The exhaust leak on the passenger side manifold has been getting progressively worse, especially as I’ve been putting a lot of miles on the girl this summer. I’m not the kind of guy who needs a loud truck to announce who I am; I figure the unconventional look of the truck covers that pretty well, and I’d honestly prefer to have a quiet sleeper under my right foot than a Harley. So I ordered a couple of different gaskets from the interwebs and got to work this morning after breakfast.
My plan was to leave the back bolt in place, as I can’t really reach that without major effort and lots of cursing, and use leverage on the front bolt to snug the assembly together after the new gaskets were in place. I used a set of tin snips to cut a notch through to the bolt hole on one side, and worked it into position. When that was done I replaced the outside fine-thread copper bolt with a new coarse-thread Grade 8 bolt and snugged it tight. There’s just a hint of exhaust leaking from the front of the connection now but the BRAP-BRAP-BRAP from that side of the engine at throttle is gone. Hallelujah.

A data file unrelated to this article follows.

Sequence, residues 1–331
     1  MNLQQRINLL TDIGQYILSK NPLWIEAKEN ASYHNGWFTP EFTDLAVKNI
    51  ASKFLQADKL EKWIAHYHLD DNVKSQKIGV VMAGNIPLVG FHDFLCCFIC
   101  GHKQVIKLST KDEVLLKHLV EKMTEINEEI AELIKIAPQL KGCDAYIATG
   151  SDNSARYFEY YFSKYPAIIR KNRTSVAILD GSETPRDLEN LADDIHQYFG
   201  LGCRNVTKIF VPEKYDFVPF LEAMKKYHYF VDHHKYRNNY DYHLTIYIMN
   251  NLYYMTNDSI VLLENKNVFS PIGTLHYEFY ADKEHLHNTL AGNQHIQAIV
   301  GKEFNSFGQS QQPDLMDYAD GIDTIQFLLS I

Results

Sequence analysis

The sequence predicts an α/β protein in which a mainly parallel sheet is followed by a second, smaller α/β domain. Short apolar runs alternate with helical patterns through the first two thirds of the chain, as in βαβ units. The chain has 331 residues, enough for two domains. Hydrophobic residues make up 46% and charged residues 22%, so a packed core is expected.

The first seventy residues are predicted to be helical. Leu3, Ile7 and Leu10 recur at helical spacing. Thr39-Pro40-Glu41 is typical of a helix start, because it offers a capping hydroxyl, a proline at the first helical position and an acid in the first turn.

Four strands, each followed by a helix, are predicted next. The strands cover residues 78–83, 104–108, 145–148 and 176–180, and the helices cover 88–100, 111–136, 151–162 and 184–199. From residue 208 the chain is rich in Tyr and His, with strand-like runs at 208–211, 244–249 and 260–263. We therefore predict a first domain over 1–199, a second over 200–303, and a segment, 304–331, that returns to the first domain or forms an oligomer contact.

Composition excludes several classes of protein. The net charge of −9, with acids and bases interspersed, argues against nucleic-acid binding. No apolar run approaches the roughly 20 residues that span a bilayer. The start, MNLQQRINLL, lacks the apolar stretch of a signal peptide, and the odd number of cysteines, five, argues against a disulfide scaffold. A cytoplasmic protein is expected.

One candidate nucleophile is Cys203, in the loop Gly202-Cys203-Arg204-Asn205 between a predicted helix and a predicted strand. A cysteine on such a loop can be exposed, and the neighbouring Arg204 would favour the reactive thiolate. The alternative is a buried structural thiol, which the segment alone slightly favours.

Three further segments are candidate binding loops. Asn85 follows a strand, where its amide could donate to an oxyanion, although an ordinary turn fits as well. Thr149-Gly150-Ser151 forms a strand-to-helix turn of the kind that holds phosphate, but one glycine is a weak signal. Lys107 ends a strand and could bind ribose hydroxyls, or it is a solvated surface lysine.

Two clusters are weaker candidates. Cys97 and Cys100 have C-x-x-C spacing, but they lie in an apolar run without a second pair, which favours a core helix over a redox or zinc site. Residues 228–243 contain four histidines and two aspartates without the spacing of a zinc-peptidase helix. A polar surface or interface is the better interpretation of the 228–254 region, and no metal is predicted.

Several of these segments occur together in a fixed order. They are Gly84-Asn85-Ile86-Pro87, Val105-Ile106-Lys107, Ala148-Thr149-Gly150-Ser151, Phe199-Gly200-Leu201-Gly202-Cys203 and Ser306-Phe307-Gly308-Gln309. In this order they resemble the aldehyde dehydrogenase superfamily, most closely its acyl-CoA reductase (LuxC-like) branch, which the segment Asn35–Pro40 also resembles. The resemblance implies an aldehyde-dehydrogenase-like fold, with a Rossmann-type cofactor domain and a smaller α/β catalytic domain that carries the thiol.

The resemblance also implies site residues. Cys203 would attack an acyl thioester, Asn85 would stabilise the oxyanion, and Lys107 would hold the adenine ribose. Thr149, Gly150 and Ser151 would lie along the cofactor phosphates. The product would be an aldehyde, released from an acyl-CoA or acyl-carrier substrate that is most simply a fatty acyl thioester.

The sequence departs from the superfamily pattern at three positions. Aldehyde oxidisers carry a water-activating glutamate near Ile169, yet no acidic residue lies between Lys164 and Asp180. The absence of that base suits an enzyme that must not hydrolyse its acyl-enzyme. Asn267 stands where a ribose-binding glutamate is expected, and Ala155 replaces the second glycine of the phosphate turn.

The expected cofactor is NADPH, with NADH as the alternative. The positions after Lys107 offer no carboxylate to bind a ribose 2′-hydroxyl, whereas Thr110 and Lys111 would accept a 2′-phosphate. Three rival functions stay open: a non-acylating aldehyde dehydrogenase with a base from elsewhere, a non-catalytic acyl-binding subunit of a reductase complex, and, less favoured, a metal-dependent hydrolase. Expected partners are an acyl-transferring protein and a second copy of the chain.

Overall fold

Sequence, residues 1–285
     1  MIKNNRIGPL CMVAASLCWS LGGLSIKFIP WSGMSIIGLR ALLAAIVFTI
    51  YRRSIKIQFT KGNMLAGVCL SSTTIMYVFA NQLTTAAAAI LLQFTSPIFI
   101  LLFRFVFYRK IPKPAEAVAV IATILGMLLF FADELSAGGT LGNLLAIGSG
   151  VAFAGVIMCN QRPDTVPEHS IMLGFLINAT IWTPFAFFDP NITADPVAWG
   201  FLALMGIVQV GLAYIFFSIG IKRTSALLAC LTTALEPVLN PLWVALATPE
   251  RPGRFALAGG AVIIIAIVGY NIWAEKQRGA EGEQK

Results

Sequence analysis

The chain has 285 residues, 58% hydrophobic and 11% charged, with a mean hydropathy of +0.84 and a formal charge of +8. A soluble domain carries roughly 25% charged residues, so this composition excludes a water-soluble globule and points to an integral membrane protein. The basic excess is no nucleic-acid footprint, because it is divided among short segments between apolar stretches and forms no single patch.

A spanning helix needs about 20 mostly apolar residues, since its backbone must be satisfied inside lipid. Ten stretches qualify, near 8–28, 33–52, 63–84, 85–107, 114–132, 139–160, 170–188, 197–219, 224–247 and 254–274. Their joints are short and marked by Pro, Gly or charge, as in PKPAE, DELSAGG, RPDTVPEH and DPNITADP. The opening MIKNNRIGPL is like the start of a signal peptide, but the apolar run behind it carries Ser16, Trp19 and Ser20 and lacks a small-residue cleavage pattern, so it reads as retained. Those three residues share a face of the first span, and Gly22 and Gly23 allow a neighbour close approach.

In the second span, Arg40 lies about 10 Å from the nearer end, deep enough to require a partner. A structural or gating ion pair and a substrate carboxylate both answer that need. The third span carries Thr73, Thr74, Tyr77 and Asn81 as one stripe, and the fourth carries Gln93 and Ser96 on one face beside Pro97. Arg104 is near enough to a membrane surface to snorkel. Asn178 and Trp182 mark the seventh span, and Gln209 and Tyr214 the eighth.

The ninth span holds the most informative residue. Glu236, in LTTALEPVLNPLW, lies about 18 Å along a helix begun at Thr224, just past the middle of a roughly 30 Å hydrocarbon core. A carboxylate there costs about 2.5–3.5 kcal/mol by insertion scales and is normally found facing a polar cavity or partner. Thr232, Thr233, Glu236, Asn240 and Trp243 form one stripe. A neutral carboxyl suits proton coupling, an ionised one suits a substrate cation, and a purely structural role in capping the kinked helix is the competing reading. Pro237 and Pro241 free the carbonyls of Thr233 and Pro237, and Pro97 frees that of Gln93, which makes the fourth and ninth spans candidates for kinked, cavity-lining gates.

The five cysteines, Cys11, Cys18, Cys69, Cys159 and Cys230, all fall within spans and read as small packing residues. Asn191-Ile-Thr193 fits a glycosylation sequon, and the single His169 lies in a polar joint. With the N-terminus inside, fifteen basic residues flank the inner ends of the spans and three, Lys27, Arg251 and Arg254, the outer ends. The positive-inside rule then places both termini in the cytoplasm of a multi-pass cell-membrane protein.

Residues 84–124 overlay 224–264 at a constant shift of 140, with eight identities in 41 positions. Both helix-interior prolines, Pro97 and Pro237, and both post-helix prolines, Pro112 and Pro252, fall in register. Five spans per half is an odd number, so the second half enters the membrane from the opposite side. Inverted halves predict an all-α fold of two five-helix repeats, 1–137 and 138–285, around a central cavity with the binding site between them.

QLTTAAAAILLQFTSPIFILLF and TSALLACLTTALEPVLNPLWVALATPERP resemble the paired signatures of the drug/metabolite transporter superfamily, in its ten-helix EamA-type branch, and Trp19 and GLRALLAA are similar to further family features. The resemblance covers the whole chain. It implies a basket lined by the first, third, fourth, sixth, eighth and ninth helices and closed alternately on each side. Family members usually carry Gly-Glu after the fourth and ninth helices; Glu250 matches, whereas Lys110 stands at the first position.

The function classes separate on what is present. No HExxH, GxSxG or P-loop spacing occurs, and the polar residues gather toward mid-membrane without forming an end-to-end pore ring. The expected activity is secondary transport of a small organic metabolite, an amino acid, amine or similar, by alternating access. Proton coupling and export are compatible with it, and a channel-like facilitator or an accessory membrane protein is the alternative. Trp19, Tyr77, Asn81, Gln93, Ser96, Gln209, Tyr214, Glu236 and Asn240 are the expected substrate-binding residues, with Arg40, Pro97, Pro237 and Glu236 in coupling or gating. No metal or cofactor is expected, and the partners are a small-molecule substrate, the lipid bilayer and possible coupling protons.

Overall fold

While I had the wheel off and the starter exposed, I pulled it off and removed the shim that’s been on there since I got the truck (and through about six different starters). Due to differences in the manual bellhousing vs. the automatic, the shim isn’t required for manuals—something I wasn’t aware of until recently. So with that buttoned back up and the wheel back on, we did a spin around the block and I basked in the (relative) silence.
Now I’m looking at both a felt kit for the windows and some of those sexy new rubber gaskets for the butterfly windows; both sides rattle and leak and I’d love to get things buttoned up tighter with colder weather here. Among each of the four sets I have available, the only good pair is the one on the truck—so I’d have to pull things apart or weld a spare set back together before updating the rubber.